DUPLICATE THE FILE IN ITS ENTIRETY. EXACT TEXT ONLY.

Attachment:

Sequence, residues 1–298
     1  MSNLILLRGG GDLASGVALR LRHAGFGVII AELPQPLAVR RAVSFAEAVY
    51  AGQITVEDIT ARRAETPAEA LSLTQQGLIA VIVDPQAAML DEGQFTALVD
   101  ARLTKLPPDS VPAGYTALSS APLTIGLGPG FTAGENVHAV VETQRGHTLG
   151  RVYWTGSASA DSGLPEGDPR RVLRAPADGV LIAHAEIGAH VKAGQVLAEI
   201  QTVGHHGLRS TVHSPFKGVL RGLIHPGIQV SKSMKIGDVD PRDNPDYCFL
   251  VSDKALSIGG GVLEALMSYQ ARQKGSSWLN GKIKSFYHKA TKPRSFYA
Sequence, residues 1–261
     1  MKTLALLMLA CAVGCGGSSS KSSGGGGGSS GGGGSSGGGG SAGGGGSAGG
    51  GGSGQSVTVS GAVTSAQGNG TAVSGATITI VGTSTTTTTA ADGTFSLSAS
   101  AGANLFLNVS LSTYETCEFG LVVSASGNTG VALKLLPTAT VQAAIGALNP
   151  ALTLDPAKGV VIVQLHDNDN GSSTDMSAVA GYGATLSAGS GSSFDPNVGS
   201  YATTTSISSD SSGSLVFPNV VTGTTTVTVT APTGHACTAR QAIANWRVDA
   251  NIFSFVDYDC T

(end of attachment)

Sequence, residues 1–298
     1  MSNLILLRGG GDLASGVALR LRHAGFGVII AELPQPLAVR RAVSFAEAVY
    51  AGQITVEDIT ARRAETPAEA LSLTQQGLIA VIVDPQAAML DEGQFTALVD
   101  ARLTKLPPDS VPAGYTALSS APLTIGLGPG FTAGENVHAV VETQRGHTLG
   151  RVYWTGSASA DSGLPEGDPR RVLRAPADGV LIAHAEIGAH VKAGQVLAEI
   201  QTVGHHGLRS TVHSPFKGVL RGLIHPGIQV SKSMKIGDVD PRDNPDYCFL
   251  VSDKALSIGG GVLEALMSYQ ARQKGSSWLN GKIKSFYHKA TKPRSFYA
Sequence, residues 1–261
     1  MKTLALLMLA CAVGCGGSSS KSSGGGGGSS GGGGSSGGGG SAGGGGSAGG
    51  GGSGQSVTVS GAVTSAQGNG TAVSGATITI VGTSTTTTTA ADGTFSLSAS
   101  AGANLFLNVS LSTYETCEFG LVVSASGNTG VALKLLPTAT VQAAIGALNP
   151  ALTLDPAKGV VIVQLHDNDN GSSTDMSAVA GYGATLSAGS GSSFDPNVGS
   201  YATTTSISSD SSGSLVFPNV VTGTTTVTVT APTGHACTAR QAIANWRVDA
   251  NIFSFVDYDC T